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[Python-Dev] Postponed annotations break inspection of dataclasses


Yes, it?s https://bugs.python.org/issue34776

--
Eric

> On Sep 27, 2018, at 12:05 PM, Ivan Levkivskyi <levkivskyi at gmail.com> wrote:
> 
> Do we have a b.p.o. issue about this? If no, then I would recommend to open one, so that we will not loose track of this.
> 
> --
> Ivan
> 
> 
> 
>> On Sat, 22 Sep 2018 at 16:32, David Hagen <david at drhagen.com> wrote:
>> The new postponed annotations have an unexpected interaction with dataclasses. Namely, you cannot get the type hints of any of the data classes methods.
>> 
>> For example, I have some code that inspects the type parameters of a class's `__init__` method. (The real use case is to provide a default serializer for the class, but that is not important here.)  
>> 
>> ```
>> from dataclasses import dataclass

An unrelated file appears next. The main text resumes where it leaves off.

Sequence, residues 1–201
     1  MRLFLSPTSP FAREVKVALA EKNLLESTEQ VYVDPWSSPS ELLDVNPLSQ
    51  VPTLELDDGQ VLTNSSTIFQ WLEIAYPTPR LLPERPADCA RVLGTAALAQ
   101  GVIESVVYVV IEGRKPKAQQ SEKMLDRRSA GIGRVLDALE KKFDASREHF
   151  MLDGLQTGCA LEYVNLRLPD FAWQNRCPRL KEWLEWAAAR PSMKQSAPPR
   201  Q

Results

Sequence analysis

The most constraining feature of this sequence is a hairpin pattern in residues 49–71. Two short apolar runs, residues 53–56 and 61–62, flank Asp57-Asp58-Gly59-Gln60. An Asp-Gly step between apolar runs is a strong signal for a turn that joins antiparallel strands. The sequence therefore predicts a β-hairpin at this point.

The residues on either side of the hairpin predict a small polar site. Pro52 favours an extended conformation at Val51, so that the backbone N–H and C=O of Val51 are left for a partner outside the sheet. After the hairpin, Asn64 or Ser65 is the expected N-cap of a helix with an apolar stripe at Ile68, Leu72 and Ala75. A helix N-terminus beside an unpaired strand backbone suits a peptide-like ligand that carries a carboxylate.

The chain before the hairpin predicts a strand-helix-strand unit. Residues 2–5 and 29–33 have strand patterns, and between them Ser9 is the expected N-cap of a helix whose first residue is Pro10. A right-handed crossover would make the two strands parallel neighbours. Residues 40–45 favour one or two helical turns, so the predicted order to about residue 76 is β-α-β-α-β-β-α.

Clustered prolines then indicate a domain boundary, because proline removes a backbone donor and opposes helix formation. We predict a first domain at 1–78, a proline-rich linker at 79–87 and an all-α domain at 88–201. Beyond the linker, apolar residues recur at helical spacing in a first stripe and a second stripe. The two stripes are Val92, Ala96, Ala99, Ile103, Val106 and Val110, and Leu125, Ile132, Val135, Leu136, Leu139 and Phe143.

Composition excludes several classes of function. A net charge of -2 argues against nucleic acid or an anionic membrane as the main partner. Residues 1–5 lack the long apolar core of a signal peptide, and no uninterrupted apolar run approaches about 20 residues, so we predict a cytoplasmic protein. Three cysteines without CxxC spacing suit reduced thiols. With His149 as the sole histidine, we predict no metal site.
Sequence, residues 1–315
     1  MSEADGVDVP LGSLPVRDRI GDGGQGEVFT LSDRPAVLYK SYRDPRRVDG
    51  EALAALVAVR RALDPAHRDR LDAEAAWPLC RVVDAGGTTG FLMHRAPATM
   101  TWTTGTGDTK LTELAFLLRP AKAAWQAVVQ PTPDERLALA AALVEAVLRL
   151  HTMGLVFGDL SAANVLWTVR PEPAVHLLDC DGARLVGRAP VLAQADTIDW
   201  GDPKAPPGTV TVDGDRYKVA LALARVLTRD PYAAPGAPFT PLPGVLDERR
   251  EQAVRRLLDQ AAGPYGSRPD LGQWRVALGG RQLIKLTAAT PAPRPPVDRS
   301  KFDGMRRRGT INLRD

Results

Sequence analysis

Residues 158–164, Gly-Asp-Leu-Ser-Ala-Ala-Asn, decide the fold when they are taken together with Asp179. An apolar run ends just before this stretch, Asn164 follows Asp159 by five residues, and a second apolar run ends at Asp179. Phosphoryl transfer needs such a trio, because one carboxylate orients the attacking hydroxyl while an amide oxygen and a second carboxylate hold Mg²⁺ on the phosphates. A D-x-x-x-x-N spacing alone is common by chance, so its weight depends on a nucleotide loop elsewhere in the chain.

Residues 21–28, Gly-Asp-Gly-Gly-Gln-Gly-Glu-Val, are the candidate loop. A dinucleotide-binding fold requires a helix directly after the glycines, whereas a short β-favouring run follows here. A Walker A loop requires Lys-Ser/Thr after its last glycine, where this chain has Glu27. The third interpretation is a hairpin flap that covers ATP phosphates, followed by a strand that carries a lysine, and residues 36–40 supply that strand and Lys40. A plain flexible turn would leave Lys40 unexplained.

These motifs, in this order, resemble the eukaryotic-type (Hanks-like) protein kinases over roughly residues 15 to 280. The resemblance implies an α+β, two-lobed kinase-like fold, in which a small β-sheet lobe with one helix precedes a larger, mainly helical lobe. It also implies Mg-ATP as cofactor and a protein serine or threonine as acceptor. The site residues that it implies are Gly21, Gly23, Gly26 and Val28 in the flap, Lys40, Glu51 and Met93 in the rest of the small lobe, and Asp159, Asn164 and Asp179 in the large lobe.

>> from typing import get_type_hints
>> 
>> class Foo:
>>     pass
>> 
>> @dataclass
>> class Bar:
>>     foo: Foo
>> 
>> print(get_type_hints(Bar.__init__))
>> ```
>> 
>> In Python 3.6 and 3.7, this does what is expected; it prints `{'foo': <class '__main__.Foo'>, 'return': <class 'NoneType'>}`.
>> 
>> However, if in Python 3.7, I add `from __future__ import annotations`, then this fails with an error:
>> 
>> ```
>> NameError: name 'Foo' is not defined
>> ```
>> 
>> I know why this is happening. The `__init__` method is defined in the `dataclasses` module which does not have the `Foo` object in its environment, and the `Foo` annotation is being passed to `dataclass` and attached to `__init__` as the string `"Foo"` rather than as the original object `Foo`, but `get_type_hints` for the new annotations only does a name lookup in the module where `__init__` is defined not where the annotation is defined.
>> 
>> I know that the use of lambdas to implement PEP 563 was rejected for performance reasons. I could be wrong, but I think this was motivated by variable annotations because the lambda would have to be constructed each time the function body ran. I was wondering if I could motivate storing the annotations as lambdas in class bodies and function signatures, in which the environment is already being captured and is code that usually only runs once.
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